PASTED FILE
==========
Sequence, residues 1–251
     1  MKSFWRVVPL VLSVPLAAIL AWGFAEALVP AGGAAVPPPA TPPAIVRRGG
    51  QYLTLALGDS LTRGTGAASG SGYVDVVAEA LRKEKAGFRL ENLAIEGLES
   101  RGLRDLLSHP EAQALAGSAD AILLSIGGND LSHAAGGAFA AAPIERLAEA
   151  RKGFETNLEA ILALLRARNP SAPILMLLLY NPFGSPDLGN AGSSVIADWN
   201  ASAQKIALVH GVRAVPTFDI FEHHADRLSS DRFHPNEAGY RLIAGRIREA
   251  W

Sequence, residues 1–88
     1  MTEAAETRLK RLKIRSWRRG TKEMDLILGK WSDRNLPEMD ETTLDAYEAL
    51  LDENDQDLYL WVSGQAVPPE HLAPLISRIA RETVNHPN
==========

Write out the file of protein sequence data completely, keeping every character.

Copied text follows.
Sequence, residues 1–251
     1  MKSFWRVVPL VLSVPLAAIL AWGFAEALVP AGGAAVPPPA TPPAIVRRGG
    51  QYLTLALGDS LTRGTGAASG SGYVDVVAEA LRKEKAGFRL ENLAIEGLES
   101  RGLRDLLSHP EAQALAGSAD AILLSIGGND LSHAAGGAFA AAPIERLAEA
   151  RKGFETNLEA ILALLRARNP SAPILMLLLY NPFGSPDLGN AGSSVIADWN
   201  ASAQKIALVH GVRAVPTFDI FEHHADRLSS DRFHPNEAGY RLIAGRIREA
   251  W

Sequence, residues 1–88
     1  MTEAAETRLK RLKIRSWRRG TKEMDLILGK WSDRNLPEMD ETTLDAYEAL
    51  LDENDQDLYL WVSGQAVPPE HLAPLISRIA RETVNHPN